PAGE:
Dani Dumitriu, MD, PhD Assistant Professor of Pediatrics (in Psychiatry) The Sackler Institute for Developmental Psychobiology Columbia University, New York

COVID-19: Neurodevelopment Effects on Infants Exposed in Utero

MedicalResearch.com Interview with:

Dani Dumitriu, MD, PhD Assistant Professor of Pediatrics (in Psychiatry) The Sackler Institute for Developmental Psychobiology Columbia University, New York

Dr. Dumitriu

Dani Dumitriu, MD, PhD
Assistant Professor of Pediatrics (in Psychiatry)
The Sackler Institute for Developmental Psychobiology
Columbia University, New York

MedicalResearch.com: What is the background for this study? What are the main findings? 

Response: A lot of research has focused on the effects of COVID-19 in various vulnerable populations, such as elderly individuals, immunocompromised patients, and individuals with severe comorbidities. However, one vulnerable population that has remained relatively understudied are the infants exposed to maternal COVID-19 disease during pregnancy.

While early on in the pandemic we and other groups showed reassuring data on low risk of vertical transmission, meaning the passing of the virus from mother-to-infant is rare, this does not necessarily mean that these infants wouldn’t experience long-term consequences related to the maternal infection through other means. We know from other viral illness that maternal illness, most commonly through the activation of her immune system, can lead to a cascade of events that affect fetal development. This is why a large number of physicians and researchers at Columbia University spearheaded the COVID-19 Mother Baby Outcomes (COMBO) Initiative — to look at potential long-term health effects on both infants and mothers.


Given data from other viral illnesses during pregnancy, we expected to see a negative impact on the development of infants who had been exposed to maternal COVID-19 disease in pregnancy. However, to our surprise, we saw absolutely no effect of maternal infection with SARS-CoV-2 on infant neurodevelopment at 6 months assessed through a standard pediatric screening test called the ASQ-3. Thanks to our large COMBO team, we were fortunate that co-first author Dr. Lauren Shuffrey had used the same screening tool at age 6 months in a different study of babies born at our hospital in the three years prior to the pandemic. Dr. Shuffrey and co-first author Dr. Morgan Firestein could therefore compare our cohort of infants born during the pandemic to this historical cohort, and when we did, we found that infants born during the pandemic, irrespective of maternal infection, scored slightly lower on motor and social skills. Their scores were not dramatically different and in our sample of a few hundred infants this did not translate to an overall higher proportion of infants that “failed” this screening test, but these differences nevertheless warrant careful attention give the prevalence of this disease.

MedicalResearch.com: What should readers take away from your report?

Response: The scientific and medical communities have mostly speculated that infants born to mothers who contract COVID-19 during pregnancy might show neurodevelopmental decrements. This translates to potential impact on millions of children born worldwide over the last two years. Our study, however, points to potential impact on the neurodevelopment of infants born during the pandemic irrespective of maternal infection, which – if replicated – would translate to potential impact on hundreds of millions of children born since the onset of the pandemic, with potential for significant public health consequences.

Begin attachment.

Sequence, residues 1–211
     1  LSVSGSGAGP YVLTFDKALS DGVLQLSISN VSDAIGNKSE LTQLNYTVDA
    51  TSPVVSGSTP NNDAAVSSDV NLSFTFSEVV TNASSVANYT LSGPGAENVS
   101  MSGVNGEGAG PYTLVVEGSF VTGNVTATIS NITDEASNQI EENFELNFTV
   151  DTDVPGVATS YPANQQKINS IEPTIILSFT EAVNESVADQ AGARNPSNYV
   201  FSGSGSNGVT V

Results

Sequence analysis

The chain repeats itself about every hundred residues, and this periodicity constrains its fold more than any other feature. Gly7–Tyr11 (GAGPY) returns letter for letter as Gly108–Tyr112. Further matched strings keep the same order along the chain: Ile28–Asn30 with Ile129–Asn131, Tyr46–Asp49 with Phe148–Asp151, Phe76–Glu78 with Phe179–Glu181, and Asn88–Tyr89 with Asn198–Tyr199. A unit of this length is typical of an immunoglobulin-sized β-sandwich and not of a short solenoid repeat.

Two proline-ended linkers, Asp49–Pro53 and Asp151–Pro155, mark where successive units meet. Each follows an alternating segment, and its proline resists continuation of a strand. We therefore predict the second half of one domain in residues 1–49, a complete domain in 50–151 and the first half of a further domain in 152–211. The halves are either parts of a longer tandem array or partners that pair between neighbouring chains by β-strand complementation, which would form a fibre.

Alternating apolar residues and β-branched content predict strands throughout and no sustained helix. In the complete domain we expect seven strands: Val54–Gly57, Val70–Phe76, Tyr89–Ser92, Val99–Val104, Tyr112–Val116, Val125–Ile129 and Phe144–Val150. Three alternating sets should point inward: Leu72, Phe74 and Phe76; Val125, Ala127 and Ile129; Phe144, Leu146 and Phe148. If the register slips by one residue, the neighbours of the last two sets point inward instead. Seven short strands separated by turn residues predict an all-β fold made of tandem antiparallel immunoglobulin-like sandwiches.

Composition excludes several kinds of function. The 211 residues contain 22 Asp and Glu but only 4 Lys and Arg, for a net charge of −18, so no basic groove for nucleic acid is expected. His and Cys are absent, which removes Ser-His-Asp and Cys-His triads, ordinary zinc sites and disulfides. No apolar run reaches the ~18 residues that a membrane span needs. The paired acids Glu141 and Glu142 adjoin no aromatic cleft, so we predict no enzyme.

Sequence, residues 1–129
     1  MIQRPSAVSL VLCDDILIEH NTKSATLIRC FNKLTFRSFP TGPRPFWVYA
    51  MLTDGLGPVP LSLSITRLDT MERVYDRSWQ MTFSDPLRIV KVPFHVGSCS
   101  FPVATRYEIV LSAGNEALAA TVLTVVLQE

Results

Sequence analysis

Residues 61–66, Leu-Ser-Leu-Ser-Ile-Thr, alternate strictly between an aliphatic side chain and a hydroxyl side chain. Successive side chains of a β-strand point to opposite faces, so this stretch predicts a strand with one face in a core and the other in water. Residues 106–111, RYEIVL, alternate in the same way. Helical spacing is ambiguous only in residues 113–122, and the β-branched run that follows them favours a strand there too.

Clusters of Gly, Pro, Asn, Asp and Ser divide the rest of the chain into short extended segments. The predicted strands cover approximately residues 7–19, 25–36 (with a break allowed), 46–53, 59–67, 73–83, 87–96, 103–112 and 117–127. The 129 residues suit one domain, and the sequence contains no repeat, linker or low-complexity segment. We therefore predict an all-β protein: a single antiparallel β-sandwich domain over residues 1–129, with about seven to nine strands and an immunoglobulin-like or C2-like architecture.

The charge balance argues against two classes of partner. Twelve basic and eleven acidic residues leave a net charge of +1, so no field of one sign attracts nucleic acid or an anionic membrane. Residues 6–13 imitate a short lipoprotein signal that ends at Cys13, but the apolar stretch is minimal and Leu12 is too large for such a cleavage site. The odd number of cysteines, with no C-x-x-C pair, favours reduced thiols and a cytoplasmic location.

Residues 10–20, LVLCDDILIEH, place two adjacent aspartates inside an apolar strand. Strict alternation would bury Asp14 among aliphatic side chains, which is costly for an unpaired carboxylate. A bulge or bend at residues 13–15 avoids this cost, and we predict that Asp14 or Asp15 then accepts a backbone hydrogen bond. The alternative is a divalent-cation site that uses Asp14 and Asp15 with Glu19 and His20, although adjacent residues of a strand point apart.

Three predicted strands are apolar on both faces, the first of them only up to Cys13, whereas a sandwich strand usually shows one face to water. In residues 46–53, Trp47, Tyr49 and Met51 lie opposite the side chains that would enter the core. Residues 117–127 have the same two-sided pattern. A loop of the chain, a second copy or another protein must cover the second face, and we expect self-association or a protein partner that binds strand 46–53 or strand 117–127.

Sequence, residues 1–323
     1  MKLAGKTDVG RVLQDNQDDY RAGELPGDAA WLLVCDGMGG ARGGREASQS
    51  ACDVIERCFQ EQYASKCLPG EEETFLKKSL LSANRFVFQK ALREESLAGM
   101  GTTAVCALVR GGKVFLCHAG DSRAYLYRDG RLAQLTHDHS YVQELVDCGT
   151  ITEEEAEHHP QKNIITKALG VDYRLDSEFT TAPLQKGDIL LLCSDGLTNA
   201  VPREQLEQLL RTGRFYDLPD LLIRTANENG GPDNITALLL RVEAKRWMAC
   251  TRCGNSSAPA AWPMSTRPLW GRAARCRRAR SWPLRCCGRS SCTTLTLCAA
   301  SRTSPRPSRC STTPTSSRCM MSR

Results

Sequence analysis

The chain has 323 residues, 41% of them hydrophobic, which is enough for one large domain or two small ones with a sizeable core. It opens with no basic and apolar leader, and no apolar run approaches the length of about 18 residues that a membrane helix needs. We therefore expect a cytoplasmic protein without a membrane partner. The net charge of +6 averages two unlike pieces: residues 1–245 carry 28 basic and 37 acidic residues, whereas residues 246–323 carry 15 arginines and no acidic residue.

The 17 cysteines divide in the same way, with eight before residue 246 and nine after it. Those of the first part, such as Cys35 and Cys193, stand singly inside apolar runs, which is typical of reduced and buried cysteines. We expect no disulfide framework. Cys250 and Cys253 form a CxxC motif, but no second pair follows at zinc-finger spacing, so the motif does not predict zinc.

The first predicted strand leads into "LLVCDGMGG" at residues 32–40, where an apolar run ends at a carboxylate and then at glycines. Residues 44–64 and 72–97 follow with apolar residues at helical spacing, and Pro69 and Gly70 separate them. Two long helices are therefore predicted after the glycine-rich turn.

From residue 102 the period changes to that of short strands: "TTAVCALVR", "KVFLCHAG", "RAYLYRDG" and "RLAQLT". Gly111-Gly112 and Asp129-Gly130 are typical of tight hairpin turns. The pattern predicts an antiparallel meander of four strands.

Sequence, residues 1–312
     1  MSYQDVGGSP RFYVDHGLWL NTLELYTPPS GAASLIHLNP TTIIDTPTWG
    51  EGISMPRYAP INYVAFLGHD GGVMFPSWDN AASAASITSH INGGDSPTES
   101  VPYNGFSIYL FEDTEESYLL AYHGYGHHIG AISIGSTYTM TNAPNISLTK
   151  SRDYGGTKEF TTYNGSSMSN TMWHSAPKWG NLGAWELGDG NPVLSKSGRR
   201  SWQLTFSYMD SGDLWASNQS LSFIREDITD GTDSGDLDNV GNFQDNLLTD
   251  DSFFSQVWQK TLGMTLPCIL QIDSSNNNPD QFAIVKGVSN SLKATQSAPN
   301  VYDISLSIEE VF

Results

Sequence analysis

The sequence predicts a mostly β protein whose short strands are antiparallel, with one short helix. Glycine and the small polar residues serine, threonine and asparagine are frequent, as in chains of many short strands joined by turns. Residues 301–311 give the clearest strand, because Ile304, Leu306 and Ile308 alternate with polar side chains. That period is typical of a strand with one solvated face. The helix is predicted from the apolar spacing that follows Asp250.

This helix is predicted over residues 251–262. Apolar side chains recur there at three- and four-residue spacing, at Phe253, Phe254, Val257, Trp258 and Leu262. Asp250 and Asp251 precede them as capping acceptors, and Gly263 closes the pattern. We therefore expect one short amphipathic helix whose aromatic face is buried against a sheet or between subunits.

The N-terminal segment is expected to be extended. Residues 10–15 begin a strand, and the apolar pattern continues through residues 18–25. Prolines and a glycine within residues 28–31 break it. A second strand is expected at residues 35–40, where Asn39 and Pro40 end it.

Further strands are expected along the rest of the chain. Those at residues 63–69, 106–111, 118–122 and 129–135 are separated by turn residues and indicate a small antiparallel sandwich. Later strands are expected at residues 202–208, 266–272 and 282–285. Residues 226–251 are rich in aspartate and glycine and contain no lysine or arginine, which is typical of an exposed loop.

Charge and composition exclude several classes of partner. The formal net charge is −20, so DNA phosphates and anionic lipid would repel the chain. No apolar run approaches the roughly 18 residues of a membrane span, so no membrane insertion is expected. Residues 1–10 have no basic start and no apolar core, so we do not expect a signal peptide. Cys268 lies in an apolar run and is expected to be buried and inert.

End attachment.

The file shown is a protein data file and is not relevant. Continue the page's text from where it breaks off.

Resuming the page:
MedicalResearch.com: What recommendations do you have for future research as a result of this work?

Response: We have a duty to continue to monitor the infants born during the pandemic. Our study highlights that we need to study these infants broadly, not only those exposed to the virus either in utero or after birth. We also need to now begin to investigate the mechanisms that contribute to the observed neurodevelopmental decrements, including maternal pre- and postnatal stress, changes in healthcare delivery and access, and worldwide socioeconomic changes.

MedicalResearch.com: Is there anything else you would like to add?

Response: It is important to note that our study does not necessarily mean that these infants will suffer long-term consequences.

Firstly, the effects we saw were small.

Secondly, this is still a very early developmental timepoint and because lots happens in the first few years of life, scores on an assessment at 6 months are poor predictors of long-term outcomes.

Thirdly, and most importantly, if our findings replicate and birth during the pandemic indeed negatively impacts neurodevelopment, because this is such an early timepoint there are lots of opportunities to intervene and get these babies onto the right developmental trajectory.

The brains of 6-month-old infants are very plastic, very malleable, so by talking, singing, playing, and interacting with them and finding safe ways to take them out of the home more often, parents can absolutely help mitigate potential issues down the road.

The authors report no conflicts of interest related to this study. A full list of disclosure is included in the article.

Citation:

Shuffrey LC, Firestein MR, Kyle MH, et al. Association of Birth During the COVID-19 Pandemic With Neurodevelopmental Status at 6 Months in Infants With and Without In Utero Exposure to Maternal SARS-CoV-2 Infection. JAMA Pediatr. Published online January 04, 2022. doi:10.1001/jamapediatrics.2021.5563

 

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Jan 6, 2022 @ 11:52 pm

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